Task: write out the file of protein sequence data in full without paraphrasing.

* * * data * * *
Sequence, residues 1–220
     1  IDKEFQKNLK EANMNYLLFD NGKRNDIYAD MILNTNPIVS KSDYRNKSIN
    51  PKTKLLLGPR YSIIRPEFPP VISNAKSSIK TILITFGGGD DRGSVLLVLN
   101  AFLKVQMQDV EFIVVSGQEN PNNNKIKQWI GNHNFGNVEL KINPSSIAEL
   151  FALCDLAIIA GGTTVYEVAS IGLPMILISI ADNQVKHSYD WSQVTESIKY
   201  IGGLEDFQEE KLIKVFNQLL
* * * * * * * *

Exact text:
Sequence, residues 1–220
     1  IDKEFQKNLK EANMNYLLFD NGKRNDIYAD MILNTNPIVS KSDYRNKSIN
    51  PKTKLLLGPR YSIIRPEFPP VISNAKSSIK TILITFGGGD DRGSVLLVLN
   101  AFLKVQMQDV EFIVVSGQEN PNNNKIKQWI GNHNFGNVEL KINPSSIAEL
   151  FALCDLAIIA GGTTVYEVAS IGLPMILISI ADNQVKHSYD WSQVTESIKY
   201  IGGLEDFQEE KLIKVFNQLL